5 Work and Power Suggested Assessment Strategies Journal Referring to the data collected, students could describe how force, distance, and work are related. They should give an analysis with an explanation of their understanding of the situation. (325-9) Paper and Pencil As a written record of the dynamics cart exploration, students could submit work sheets which include neat sketches, data, and calculations for each of the three situations from their lab activity. (325-10) A locomotive exerts a constant forward force of 5.4 x 10 4 N while pulling a train at a constant speed of 25 m/s for 1.0 h. How much work does the locomotive do? What average power did the locomotive generate while pulling the train? (325-10) Performance Students could compare their power output by completing Lab 9.3, Physics: C and C, p 380. Resources main.htm Physics: C and C, p 325 Physics: C and C, pp Physics: C and C, p 325 Physics: C and C, p 325 Physics: C and C, p 331 Physics: C and C, pp PHYSICS 2204 CURRICULUM GUIDE 59

6 Potential and Kinetic Energy Outcomes Students will be expected to Elaborations Strategies for Learning and Teaching analyze quantitatively the relationships among mass, height, gravitation field strength, gravitational potential energy, and kinetic energy (326-1) define gravitational potential energy in terms of its height, mass, and the force of gravity relate energy transformations to work done solve numerical problems related to gravitational potential energy define an object s kinetic energy in terms of its mass and its speed solve numerical problems related to kinetic energy Students should demonstrate an understanding that gravitational potential energy of an object relative to a certain reference level is the same as the work required to lift the object vertically to its present position. (Conversely, gravitational potential energy can be defined as the work that the force of gravity can do on the object, if allowed to fall to the reference level). Given, for example, a 10 kg box sitting on the floor, the student can calculate the work required to lift it 1.5 m to a tabletop and state that the gravitational potential energy of the box on the tabletop, with respect to the floor, is the same value as the work required to lift it against gravity. 60 PHYSICS 2204 CURRICULUM GUIDE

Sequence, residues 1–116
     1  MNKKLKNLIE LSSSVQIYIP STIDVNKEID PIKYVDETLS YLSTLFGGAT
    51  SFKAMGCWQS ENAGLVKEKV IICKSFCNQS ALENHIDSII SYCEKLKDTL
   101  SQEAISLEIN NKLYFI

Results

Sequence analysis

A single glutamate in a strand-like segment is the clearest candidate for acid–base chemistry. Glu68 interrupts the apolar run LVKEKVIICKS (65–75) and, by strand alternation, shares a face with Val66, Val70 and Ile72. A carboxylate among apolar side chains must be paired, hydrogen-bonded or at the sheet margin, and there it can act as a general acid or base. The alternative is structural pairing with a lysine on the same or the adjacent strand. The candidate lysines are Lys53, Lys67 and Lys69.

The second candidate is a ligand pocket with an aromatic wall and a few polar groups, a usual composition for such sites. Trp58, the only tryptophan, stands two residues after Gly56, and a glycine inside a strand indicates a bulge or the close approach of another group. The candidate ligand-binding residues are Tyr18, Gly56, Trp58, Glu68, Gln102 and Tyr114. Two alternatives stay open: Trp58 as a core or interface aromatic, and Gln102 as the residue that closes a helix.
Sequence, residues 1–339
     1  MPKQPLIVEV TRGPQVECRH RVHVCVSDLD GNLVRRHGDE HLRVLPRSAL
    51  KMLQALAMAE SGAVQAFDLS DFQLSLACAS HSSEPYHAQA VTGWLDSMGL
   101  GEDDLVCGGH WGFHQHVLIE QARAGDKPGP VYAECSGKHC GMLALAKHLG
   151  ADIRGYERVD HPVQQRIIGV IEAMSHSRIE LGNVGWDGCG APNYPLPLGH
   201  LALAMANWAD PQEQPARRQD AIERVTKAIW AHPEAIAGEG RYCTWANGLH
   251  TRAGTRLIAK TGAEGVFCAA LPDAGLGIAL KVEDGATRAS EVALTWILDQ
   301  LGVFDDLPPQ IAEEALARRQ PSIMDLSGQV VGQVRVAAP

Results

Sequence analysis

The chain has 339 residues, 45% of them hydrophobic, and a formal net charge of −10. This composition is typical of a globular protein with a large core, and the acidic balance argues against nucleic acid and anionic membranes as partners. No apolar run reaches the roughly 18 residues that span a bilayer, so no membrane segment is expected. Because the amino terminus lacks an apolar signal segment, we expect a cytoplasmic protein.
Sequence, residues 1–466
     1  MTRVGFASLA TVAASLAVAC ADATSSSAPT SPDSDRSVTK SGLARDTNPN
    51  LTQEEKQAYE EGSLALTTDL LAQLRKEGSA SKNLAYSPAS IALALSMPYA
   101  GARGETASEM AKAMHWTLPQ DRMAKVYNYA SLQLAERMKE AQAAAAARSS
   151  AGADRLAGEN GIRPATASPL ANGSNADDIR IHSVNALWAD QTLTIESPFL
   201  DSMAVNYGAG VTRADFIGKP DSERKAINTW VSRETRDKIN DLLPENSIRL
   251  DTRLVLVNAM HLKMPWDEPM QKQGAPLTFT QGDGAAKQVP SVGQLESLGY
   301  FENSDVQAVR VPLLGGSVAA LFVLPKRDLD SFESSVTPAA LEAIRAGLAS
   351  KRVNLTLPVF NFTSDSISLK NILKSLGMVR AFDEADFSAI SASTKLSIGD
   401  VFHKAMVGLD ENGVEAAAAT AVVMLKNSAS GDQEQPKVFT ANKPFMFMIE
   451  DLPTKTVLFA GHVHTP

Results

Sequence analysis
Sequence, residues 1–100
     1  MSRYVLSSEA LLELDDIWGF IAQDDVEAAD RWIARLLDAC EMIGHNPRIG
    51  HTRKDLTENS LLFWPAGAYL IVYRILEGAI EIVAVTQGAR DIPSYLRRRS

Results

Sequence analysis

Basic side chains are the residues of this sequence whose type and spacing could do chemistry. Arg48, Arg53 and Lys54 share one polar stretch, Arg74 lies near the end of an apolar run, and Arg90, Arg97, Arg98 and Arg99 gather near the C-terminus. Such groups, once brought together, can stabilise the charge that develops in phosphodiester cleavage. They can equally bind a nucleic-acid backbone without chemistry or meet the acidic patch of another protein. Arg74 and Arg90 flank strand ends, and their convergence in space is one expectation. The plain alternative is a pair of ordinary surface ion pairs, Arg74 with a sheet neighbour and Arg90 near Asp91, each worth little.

7 Potential and Kinetic Energy Suggested Assessment Strategies Resources Performance Students could design an experiment and using computer interface technology complete the experiment to verify the law of conservation of mechanical energy. (i.e., swinging pendulum, falling objects) (326-1) Physics: C and C, pp Physics: C and C, pp Physics: C and C, pp Physics: C and C, p 332 Physics: C and C, p 333 PHYSICS 2204 CURRICULUM GUIDE 61